As glaciers melt and retreat they often leave behind massive lakes of fresh water where once had been only ice. Now, a student from the École Polytechnique Fédérale de Lausanne in Switzerland has studied the possibility of using these new lakes as possible hydroelectric power sources.
Climate change has seen glaciers all over the world retreating, shedding layers like a grumpy cat sheds fur. Several scenarios are picturing an average temperature increase of 4°C, which would see glaciers disappear entirely by the end of this century.
“Glaciers store water and transfer winter precipitation into summer runoff,” said Anton Schleiss, director of EPFL’s Hydraulic Constructions Laboratory and a member of a Swiss National Science Foundation research project into the risks and possibilities of these new mountain lakes. “Once they have disappeared, we will need to manage these new reservoirs, which will take over this water storage role.”
But it was EPFL Civil Engineering student David Zumofen who studied several options for how the new natural reservoirs could be used to produce electricity, focusing his attention on Rhone glacier in the Swiss Alps.
The first scenario involves the lake water passing through turbines on the site as part of the construction of a future Gletsch-Oberwald hydroelectric power plant. Though this option would yield less energy, it would not require altering any existing structures between the nearby river the Rhone and Lake Geneva.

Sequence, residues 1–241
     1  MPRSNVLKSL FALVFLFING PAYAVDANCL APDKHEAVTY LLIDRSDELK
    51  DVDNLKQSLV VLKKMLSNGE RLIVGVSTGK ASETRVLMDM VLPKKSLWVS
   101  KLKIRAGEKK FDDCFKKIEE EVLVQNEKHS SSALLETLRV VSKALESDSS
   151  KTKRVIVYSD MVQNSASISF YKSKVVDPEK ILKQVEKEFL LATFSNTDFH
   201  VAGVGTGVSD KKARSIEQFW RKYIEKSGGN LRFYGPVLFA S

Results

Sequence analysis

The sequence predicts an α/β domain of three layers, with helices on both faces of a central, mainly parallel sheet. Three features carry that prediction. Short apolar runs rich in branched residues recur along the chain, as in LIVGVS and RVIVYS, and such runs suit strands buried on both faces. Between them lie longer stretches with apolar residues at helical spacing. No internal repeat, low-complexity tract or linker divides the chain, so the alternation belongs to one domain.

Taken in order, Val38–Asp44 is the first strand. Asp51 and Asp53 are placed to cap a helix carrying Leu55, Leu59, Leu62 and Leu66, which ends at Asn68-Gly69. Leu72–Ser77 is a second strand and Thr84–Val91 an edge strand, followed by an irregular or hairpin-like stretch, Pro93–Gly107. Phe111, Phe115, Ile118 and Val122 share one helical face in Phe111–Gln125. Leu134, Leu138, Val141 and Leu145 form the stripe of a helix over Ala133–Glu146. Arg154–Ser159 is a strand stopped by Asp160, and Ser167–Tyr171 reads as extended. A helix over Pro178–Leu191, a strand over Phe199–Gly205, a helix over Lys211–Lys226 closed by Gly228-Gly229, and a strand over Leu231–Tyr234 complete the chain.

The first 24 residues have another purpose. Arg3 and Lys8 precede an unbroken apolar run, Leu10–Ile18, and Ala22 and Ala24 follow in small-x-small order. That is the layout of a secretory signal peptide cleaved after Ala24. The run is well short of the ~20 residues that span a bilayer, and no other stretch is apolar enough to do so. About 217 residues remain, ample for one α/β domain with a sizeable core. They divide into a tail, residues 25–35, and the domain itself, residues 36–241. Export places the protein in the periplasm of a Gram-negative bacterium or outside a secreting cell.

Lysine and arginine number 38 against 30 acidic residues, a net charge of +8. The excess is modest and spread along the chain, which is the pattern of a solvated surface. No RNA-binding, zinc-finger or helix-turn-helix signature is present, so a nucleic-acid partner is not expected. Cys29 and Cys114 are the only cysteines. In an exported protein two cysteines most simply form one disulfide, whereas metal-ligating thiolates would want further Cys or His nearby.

The second scenario uses existing hydroelectric structures in place in Oberhasli, on the other side of the Grimsel Pass, at the drainage divide between the Rhine and Rhone watersheds. The water can thus pass through existing turbines several times on its journey downstream, making this option the cheaper and more energy productive option.
However, the second option also deprives the Rhone from a valuable source of water.
The Rhone glacier has lost 6 percent of its mass in only the last ten years., 150 years ago it covered the entire Gletsch valley, but today, it’s tongue has retreated far up the watershed.
Previous studies have found two large cavities beneath the glacier, each more than 50 metres deep. One of these cavities may be completely revealed by 2065, allowing for the possibility of hydroelectric power.
“We must be careful about making climate predictions, because what was true a century ago may well no longer hold 100 years from now,” says Zumofen. “If current predictions are correct, however, one of the two lakes could hold up to 50 million cubic meters of water.”